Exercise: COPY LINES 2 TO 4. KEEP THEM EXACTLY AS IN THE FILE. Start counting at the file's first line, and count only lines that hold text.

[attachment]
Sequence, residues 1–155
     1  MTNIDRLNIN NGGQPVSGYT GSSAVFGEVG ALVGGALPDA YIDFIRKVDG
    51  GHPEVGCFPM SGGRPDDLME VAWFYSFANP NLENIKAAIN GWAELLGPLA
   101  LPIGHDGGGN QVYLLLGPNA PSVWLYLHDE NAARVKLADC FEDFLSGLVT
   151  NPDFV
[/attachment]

     1  MTNIDRLNIN NGGQPVSGYT GSSAVFGEVG ALVGGALPDA YIDFIRKVDG
    51  GHPEVGCFPM SGGRPDDLME VAWFYSFANP NLENIKAAIN GWAELLGPLA
   101  LPIGHDGGGN QVYLLLGPNA PSVWLYLHDE NAARVKLADC FEDFLSGLVT